On the scientific method

Janice M. Glime jmglime at mtu.edu
Sat Mar 24 13:09:18 EST 2001


  
  I have to disagree at the dismay expressed by lack of statistical
analysis used by high school students.  At that stage, they do not even
know what statistical analysis is.  Most of their teachers likewise have
not come through a research oriented program in which they were required
to analyze anything statistically or to take a statistics course.  Most of
us do not require our college freshmen to do statistical analysis of data.  
Yes, there is statistical software where the students could do this
easily, but what would be gained by their blind use without understanding
the assumptions?  Wouldn't we be encouraging even more bad habits instead
of simply accepting the fact that they have not yet reached that
developmental stage?
  I do, however, agree that the importance of replication should be
stressed.  In junior high I won a science fair in which I had one plant
with a broken top and one with its normal apex.  In my poster I explained
the role of IAA in inhibiting lateral growth.  My experiment was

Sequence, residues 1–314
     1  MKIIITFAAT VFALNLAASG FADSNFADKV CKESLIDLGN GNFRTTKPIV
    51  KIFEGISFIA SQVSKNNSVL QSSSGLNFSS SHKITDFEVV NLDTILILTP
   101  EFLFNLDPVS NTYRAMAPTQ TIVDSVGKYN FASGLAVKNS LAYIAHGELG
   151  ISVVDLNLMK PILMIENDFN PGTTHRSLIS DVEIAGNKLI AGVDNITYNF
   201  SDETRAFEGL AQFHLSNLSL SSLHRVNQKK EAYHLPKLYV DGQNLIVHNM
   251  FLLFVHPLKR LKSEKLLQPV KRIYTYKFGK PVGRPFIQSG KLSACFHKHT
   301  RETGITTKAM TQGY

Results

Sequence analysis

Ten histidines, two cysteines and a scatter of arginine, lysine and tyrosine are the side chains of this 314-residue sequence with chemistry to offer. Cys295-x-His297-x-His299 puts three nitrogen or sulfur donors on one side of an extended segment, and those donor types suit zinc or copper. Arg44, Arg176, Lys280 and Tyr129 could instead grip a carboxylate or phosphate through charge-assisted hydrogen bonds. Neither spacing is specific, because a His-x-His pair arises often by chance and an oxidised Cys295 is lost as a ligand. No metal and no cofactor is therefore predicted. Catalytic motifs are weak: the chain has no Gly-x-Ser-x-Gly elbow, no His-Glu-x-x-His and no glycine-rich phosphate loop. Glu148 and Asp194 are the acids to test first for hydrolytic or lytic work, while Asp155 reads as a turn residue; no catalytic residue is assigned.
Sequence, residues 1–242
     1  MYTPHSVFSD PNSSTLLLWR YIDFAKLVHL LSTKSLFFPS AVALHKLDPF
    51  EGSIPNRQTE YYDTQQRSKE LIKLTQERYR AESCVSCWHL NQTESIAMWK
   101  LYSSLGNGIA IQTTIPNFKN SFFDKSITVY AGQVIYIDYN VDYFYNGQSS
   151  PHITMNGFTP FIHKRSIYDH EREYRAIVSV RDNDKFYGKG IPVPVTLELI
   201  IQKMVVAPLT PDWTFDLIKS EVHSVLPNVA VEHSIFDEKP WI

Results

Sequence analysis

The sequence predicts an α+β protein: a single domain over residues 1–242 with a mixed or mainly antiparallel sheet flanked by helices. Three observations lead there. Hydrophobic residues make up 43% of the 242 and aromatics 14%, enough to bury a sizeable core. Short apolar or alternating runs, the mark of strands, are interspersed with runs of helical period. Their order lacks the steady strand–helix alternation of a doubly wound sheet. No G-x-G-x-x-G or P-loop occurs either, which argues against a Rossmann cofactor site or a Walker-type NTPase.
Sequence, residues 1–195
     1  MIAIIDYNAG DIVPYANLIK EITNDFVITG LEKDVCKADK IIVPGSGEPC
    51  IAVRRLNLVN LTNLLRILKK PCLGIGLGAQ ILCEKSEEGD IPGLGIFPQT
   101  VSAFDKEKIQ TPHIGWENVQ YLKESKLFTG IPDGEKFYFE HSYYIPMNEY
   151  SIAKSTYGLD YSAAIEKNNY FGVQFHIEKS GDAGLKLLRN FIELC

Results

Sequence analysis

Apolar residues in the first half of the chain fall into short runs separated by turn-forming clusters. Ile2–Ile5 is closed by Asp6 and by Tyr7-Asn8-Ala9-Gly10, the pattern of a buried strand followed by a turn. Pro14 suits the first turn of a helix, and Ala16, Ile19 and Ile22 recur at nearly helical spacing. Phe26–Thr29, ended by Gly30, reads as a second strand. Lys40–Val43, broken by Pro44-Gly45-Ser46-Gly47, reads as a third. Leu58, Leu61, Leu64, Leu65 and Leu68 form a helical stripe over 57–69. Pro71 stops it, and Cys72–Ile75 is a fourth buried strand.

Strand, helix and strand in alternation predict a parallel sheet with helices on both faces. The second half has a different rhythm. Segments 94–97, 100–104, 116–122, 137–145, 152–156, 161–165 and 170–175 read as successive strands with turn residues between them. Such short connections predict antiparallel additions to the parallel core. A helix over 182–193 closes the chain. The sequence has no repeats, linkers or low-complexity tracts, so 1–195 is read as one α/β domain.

serendipitous - I was going to test fertilizers, but my plant broke on the
way home from purchasing it and I at least knew it would no longer be a
suitable control.  I often use this example to my students, commenting on
my naivity at that stage.
  To me, the science fair project is the student's opportunity to develop
scientific creativity, to ask a question and design an experiment.  As
long as students understand there are more sophisticated ways to analyze
the results, shouldn't we do this one step at a time so we don't overwelm
them before they have learned the basics of design?  Or should we ask our
high school teachers to teach the students statistical analysis as part of
every science course?
  If I were to see statistical analysis on a poster with a high school
student's project, I would suspect there had been too much parental input
and that the project was not truly the student's.

Janice
***********************************
 Janice M. Glime, Professor  
 Department of Biological Sciences
 Michigan Technological University
 Houghton, MI 49931-1295
 jmglime at mtu.edu
 906-487-2546
 FAX 906-487-3167 
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